Athanasius: The Incarnation of the Word of God – page 2

 

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From the Winter 2017 issue of Knowing & Doing:

Athanasius: The Incarnation of the Word of God

by Joseph Kohm, Jr.
City Director, C.S. Lewis Institute
Virginia Beach

 
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  In the introduction to The Incarnation, Lewis advises that, rather than read books about the great thinkers of the past, readers should go directly to the source and obtain “first-hand knowledge,” which is “usually much easier and more delightful to acquire.”2 This is excellent advice, especially applied to Athanasius. At fewer than a hundred pages, The Incarnation is a short work that develops into a comprehensive and easy-to-understand Christology. It begins by detailing Christ’s role in the creation of the universe. Paralleling the first chapter of John, where we are told that in the beginning the Word was with God and that all things were made through the Word, Athanasius identifies Christ as the Word, and that “the renewal of creation has been wrought by the Self-same Word who made it in the beginning.”3 Christ’s presence at the creation of the world is evidence for Athanasius of the inter-Trinitarian relationship between Jesus and the Father.
  From there, Athanasius begins to develop the reasons for the incarnation of the second person of the Trinity. The “why” behind the incarnation is love. Christ was “manifested in a human body for this reason only, out of the love and goodness of His Father, for the salvation of men.”4 God loves us and, as a consequence of His grace, made us in His image. Yet our sin marred that image; as a result, humanity “was unworthy of the goodness of God.”5 God’s response was to “renew His image in mankind, so that through it men might once more come to know Him.”6 This was done by Christ coming to earth to take the form of a human. Yet while He was a human, he was also fully God. Athanasius writes, “as Man He was living a human life, and as Word He was sustaining the life of the universe.”7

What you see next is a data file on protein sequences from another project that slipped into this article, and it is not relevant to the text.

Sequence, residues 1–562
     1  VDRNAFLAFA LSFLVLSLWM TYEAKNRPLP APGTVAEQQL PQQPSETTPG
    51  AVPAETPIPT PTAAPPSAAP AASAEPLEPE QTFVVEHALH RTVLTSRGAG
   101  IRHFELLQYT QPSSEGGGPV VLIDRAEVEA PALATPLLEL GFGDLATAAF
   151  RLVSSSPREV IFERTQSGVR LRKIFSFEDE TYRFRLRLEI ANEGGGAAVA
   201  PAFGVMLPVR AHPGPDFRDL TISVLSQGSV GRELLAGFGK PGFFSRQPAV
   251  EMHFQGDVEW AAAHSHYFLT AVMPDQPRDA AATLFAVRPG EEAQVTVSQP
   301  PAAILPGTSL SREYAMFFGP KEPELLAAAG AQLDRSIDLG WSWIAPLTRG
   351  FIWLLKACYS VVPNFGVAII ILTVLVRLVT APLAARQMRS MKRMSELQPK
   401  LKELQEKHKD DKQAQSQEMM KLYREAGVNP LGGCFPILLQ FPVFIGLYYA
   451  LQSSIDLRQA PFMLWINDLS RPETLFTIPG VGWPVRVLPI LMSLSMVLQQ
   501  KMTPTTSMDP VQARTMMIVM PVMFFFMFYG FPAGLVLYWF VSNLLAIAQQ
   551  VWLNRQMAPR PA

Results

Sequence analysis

The proof that Christ rose from the dead and continues to live is found in His lasting impact, the most profound of which is that true followers of Christ have lost their fear of death in that they “tread it underfoot as nothing, and prefer to die rather than deny their faith in Christ.”8 Athanasius was a firsthand witness to Christian martyrdom, so his remarks regarding those willing to die for Christ have personal significance. Other proofs of Christ’s continuing impact cited by Athanasius include changes in the people’s behavior (“the living to cease from their activities, the adulterer from his adultery, the murderer from murdering”) and the growth in the number of Christians all over the world at that time. This is the work of One who still lives while the power of those who are dead “lasts only to the grave.”9

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